Jetting into the future

Jetting into the future

Jetting into the future



Three small planes jetting over a lake.

From the application of artificial intelligence to carbon neutral fuels, Verijet is leading the advance in green, private aviation

Verijet is on a mission to decarbonise private aviation while providing customers access to luxurious yet low-cost, safer short-haul private flights. Founded in 2019 by Richard Kane and his wife Allison, the airline is linking thousands of local airports using AI-powered, carbon neutral planes. “We see what FedEx did to the Post Office and e-trading did to stock markets and want to create that upheaval to air travel,” says Richard. “We are going to connect thousands of people to local airports so they no longer have to use major airports – the hubs of misery – with a machine that outperforms everything else in terms of carbon, safety and cost.” “Vjetters” can be one-off users, JetCard holders, or investors, or they could acquire a jet and lease it to the company in exchange for a monthly return.

Inspired by a passion for aviation and the environment, Richard and Allison want to transform private air travel through the Cirrus Vision Jet, a stylish aircraft with a carbon-fibre fuselage and an almost noiseless engine. It has a range of 1,400 miles and access to thousands of airports with short runways, while proprietary algorithms calculate the fastest route to save time and energy. The plane uses three different types of carbon neutral fuel and will soon be powered by fuel made from sequestered carbon, creating further environmental savings.

“We save one tonne of carbon per hour compared to jets of equal size,” says Allison. These are not the only savings: Verijet is more cost- effective because the plane uses less fuel, while the use of small airports increases the actual speed of door to door travel from 75mph to 300mph – the result of reducing the time and carbon cost of travelling to major airports for a connection, as per the hub and spoke system. And it will help make flying fun again for pilots, “with one pilot, one engine and the use of a carbon-fibre aircraft loaded with the latest technology in aviation, such as terrain avoidance, forward-looking infrared cameras and weather radars,” says Richard.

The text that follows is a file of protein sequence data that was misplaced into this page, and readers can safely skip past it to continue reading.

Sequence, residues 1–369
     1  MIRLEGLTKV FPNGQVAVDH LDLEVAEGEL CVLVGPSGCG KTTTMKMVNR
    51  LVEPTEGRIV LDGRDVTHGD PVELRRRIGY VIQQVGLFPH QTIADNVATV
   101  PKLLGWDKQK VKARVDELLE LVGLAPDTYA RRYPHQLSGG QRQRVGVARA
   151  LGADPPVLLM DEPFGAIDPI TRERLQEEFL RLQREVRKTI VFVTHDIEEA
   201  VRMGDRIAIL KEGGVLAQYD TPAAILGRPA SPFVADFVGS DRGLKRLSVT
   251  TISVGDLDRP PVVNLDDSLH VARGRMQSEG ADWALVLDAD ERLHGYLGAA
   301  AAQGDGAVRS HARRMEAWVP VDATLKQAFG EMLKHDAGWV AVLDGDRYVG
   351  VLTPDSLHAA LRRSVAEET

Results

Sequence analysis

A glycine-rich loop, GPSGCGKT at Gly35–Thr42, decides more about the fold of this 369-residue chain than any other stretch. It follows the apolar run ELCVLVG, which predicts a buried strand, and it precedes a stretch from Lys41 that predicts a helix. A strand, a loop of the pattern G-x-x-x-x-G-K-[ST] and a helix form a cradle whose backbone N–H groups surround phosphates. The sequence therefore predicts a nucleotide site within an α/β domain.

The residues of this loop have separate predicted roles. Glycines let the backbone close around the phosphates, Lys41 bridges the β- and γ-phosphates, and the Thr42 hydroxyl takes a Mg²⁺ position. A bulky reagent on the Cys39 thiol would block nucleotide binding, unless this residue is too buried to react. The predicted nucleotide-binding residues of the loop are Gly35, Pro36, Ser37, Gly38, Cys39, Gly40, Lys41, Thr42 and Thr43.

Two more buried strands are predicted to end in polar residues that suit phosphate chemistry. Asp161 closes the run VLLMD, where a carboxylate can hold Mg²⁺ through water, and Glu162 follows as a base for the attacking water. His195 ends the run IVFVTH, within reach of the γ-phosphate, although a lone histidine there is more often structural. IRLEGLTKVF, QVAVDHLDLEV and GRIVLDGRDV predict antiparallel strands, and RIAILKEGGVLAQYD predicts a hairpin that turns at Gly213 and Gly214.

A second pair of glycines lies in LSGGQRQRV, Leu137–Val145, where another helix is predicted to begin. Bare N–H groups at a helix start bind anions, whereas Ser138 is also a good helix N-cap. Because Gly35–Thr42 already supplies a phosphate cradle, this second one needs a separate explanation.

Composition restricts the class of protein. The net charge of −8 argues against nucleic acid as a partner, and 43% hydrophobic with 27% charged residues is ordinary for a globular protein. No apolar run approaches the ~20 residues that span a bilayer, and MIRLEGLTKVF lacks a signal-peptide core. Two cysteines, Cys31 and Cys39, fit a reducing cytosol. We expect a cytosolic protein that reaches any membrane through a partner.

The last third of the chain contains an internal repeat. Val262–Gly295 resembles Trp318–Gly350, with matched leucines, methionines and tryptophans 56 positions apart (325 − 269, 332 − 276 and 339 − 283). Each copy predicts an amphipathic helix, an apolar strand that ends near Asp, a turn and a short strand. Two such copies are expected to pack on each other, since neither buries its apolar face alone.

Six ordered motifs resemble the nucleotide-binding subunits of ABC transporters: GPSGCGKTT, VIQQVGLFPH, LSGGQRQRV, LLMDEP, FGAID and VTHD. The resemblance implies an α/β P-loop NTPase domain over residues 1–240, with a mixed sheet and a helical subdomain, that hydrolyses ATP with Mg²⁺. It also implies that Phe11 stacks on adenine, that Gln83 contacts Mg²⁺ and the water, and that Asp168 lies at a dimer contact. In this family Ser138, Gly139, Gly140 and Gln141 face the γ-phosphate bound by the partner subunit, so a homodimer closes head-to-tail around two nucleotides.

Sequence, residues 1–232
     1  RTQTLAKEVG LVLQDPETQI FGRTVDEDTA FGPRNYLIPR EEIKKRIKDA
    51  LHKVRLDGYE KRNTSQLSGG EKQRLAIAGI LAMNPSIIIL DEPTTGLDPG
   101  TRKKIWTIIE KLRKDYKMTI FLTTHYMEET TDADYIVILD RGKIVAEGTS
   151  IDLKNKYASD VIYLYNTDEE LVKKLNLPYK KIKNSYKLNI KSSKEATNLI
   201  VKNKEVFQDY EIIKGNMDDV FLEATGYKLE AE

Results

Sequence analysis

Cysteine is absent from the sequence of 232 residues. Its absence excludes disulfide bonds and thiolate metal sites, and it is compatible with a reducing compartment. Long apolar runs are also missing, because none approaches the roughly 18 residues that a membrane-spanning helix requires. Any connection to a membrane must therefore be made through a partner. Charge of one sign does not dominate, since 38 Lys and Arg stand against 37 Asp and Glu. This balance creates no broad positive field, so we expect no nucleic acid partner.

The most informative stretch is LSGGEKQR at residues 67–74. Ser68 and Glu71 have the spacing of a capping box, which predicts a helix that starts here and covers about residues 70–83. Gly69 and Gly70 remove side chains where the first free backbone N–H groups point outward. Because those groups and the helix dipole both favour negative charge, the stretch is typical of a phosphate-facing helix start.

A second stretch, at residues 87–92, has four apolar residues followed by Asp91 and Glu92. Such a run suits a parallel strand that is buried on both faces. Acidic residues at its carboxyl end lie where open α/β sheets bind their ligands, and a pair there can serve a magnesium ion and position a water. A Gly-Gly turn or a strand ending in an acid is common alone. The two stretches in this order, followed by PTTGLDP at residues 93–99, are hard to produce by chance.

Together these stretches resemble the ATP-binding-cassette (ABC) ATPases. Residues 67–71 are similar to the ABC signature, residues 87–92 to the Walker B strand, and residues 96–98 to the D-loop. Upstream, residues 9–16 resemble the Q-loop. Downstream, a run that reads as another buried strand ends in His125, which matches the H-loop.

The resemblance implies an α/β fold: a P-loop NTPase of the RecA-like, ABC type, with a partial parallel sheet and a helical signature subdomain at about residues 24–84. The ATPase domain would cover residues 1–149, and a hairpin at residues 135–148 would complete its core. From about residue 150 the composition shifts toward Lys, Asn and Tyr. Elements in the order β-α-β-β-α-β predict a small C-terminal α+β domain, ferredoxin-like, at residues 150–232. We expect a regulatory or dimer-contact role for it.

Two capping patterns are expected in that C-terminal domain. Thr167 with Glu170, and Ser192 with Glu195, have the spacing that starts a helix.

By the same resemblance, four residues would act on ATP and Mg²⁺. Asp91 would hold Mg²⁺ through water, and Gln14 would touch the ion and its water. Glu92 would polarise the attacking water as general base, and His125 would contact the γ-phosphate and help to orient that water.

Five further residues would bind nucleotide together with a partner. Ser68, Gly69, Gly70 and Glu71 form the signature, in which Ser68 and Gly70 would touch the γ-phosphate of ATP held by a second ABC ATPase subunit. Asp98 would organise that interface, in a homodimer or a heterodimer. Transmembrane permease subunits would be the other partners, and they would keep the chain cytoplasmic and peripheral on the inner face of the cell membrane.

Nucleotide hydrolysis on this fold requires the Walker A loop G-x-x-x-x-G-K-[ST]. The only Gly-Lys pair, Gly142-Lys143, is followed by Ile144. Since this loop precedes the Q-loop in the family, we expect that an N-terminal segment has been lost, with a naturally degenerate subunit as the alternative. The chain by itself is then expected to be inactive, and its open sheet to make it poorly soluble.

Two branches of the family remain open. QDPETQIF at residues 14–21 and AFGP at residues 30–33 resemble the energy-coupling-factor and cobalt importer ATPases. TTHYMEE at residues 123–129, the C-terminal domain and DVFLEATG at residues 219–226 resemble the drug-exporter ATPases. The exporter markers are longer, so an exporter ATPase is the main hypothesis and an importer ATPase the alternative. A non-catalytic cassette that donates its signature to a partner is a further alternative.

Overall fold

“And we have a perfect safety record,” he adds. Safety measures include a state-of-the-art parachute system and an emergency autoland button that allows passengers on the plane to take control – AI calculates the most convenient nearby airport and lands the plane. This is part of a long- term vision to democratise flying and increase the efficiency of small aircraft, involving partners such as NASA. Richard’s own contribution came decades ago when he developed a programme to remove inefficiencies in routing long-distance phone calls and then applied the algorithm to charter flights. “Advancements in AI, material science and metallurgy, and changes in airspace management, mean this was not possible five years ago,” he says.

A couple jetting off into the future, posing in front of a plane.

Verijet launches in Europe in 2024 and plans to have 1,100 planes serving 5,400 US airports and another 900 serving 3,000 European airports. The company is already exploring the next frontier in the form of an electric aircraft – currently at flight testing stage – that can perform vertical take-off and landing, using only $20-worth of electricity. It comes with a prefabricated airport containing crew quarters and a passenger lounge that can be constructed in days, bringing flight to people’s backyards.

“Our mission is to be the safest and most efficient airline for, and on, the planet,” says Richard. “We will triple the speed and improve the efficiency of short-haul travel with reduced carbon and perfect safety. We want to keep our pilots happy and enthusiastic, which lets them share their love of aviation with our passengers.”